Jill Abramson, the executive editor of The New York Times, is unexpectedly leaving her post.
Abramson, the first woman but hardly the first Jew to hold the top editorial position at the paper, lasted less than three years. The Times did not explain the reason for her departure. She will be replaced by Dean Baquet, the managing editor.
Arthur Sulzberger Jr., the Times’ publisher and chairman of its parent company, announced the change in the Times newsroom on Wednesday afternoon. Sulzberger said Abramson’s departure was related to “an issue with management in the newsroom” and did not have to do with the quality of journalism during her tenure. Abramson was not present for the announcement.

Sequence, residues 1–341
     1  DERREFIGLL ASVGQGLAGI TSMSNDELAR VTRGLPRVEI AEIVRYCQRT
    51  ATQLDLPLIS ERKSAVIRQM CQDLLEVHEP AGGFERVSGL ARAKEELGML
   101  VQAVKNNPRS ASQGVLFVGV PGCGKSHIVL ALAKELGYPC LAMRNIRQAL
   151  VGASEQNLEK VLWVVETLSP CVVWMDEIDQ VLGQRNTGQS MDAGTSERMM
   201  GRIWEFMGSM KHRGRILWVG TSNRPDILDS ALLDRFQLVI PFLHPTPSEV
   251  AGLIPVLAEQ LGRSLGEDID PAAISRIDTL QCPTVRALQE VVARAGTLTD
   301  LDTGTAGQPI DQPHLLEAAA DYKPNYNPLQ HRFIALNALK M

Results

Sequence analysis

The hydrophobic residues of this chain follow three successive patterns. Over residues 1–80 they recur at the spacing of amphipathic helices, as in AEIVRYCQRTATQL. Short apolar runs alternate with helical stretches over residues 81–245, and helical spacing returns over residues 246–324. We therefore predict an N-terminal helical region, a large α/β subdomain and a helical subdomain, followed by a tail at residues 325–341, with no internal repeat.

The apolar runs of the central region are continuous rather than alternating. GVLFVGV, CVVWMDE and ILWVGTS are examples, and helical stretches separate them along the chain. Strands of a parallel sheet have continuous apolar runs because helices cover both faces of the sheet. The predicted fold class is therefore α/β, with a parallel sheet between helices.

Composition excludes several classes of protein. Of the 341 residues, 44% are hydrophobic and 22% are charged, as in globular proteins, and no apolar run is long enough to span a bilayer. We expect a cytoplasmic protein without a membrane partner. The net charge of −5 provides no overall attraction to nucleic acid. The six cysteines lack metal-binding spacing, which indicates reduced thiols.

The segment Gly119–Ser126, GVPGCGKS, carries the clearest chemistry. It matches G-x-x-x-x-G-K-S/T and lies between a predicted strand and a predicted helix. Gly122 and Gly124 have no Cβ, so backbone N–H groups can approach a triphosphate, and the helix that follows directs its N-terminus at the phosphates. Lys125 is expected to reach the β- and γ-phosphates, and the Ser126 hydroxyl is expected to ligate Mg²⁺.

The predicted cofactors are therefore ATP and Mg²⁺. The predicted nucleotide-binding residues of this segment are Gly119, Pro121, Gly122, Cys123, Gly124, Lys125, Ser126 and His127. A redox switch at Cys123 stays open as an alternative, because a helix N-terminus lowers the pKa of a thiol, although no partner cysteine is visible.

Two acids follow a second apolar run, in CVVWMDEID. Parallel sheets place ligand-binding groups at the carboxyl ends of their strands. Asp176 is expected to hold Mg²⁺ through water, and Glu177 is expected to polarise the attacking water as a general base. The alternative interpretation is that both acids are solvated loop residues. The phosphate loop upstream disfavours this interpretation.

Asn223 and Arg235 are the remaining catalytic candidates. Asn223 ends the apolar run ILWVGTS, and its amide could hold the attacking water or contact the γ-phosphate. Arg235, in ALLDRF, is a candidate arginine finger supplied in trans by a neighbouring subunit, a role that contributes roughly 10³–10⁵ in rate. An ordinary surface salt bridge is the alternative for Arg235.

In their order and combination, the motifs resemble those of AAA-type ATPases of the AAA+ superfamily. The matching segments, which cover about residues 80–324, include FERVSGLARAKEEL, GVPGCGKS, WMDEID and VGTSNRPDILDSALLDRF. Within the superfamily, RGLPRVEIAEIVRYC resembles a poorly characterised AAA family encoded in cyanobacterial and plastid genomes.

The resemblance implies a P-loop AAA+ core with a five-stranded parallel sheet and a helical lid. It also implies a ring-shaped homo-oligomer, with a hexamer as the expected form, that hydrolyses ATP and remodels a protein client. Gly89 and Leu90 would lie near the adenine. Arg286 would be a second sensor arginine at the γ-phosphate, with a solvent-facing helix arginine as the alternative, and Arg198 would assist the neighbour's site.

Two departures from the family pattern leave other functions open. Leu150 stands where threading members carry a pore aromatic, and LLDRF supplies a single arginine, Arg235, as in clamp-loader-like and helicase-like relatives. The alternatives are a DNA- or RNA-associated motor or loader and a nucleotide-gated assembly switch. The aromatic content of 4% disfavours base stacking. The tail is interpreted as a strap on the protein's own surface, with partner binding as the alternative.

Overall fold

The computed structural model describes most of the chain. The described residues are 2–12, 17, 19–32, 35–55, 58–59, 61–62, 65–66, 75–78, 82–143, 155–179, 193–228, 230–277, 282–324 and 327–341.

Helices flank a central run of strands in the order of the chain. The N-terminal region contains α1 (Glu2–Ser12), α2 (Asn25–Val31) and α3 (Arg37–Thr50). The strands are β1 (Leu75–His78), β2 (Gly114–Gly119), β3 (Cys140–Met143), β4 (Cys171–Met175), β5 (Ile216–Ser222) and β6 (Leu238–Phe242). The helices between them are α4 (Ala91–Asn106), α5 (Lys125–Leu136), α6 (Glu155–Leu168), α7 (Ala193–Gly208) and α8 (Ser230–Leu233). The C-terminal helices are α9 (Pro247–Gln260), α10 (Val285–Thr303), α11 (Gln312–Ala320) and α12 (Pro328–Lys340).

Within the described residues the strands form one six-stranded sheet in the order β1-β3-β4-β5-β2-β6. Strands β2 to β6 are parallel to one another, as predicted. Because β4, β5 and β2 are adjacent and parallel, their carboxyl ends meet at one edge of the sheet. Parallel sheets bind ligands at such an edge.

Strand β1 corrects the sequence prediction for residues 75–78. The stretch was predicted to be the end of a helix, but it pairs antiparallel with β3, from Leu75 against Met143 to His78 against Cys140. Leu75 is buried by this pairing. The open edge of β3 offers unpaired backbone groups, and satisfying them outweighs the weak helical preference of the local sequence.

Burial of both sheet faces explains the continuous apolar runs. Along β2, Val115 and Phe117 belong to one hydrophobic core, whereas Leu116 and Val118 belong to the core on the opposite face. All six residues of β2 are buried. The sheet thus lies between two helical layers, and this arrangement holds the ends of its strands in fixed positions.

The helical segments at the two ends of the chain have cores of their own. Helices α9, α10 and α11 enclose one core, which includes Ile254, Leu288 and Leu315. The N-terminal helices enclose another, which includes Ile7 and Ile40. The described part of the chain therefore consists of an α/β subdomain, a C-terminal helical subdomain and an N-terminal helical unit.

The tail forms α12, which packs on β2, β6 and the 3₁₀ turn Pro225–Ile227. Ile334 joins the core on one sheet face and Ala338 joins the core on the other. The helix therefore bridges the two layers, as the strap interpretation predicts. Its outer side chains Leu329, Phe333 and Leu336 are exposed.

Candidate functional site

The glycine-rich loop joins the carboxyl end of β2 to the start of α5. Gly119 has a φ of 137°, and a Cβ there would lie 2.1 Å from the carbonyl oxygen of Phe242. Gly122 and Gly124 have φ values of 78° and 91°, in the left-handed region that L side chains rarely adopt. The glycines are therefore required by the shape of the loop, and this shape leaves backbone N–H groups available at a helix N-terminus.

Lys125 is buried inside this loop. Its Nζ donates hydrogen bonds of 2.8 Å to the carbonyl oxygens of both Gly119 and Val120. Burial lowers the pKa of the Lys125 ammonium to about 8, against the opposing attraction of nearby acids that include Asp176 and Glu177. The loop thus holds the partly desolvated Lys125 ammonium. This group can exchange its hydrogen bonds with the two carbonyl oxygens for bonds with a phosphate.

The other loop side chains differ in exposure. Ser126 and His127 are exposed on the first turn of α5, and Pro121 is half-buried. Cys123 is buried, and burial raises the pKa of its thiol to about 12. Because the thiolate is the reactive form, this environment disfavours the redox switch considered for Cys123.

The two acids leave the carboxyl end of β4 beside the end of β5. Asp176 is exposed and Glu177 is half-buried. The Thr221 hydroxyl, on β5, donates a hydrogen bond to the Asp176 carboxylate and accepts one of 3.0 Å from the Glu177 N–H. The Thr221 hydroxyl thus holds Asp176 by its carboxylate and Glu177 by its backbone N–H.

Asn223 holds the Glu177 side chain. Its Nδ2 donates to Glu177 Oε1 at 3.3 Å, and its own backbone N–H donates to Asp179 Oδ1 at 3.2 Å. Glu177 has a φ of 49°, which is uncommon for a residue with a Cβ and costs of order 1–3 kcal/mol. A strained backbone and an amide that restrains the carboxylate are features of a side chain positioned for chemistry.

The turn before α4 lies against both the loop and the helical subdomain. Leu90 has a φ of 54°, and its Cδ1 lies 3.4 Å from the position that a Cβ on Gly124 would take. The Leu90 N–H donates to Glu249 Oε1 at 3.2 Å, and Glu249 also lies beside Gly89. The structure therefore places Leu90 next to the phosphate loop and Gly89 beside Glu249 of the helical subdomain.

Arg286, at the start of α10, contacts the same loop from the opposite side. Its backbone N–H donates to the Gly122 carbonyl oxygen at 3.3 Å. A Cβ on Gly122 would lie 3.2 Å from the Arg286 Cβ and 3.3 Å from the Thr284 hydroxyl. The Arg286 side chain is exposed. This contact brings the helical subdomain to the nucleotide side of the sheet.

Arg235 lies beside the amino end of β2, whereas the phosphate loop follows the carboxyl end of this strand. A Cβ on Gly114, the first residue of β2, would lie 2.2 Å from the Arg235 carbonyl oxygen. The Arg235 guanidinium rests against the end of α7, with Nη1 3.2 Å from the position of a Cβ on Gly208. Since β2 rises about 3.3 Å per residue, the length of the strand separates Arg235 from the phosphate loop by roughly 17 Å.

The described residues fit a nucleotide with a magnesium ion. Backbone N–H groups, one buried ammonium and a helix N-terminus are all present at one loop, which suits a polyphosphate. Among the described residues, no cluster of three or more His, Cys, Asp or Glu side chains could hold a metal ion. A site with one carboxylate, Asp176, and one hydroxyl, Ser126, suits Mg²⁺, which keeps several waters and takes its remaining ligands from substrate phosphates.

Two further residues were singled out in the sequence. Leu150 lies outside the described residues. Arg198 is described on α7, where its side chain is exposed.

Abramson, 60, had worked at The Wall Street Journal for about a decade before joining the Times in 1997. She worked as an investigative reporter and Washington bureau chief before being named executive editor in May 2011.
During her tenure as editor, revenue from readers and subscribers surpassed advertising for the first time. The Times had 760,000 digital subscribers at the end of 2013
About the Author:
If you don't see your comment after publishing it, refresh the page.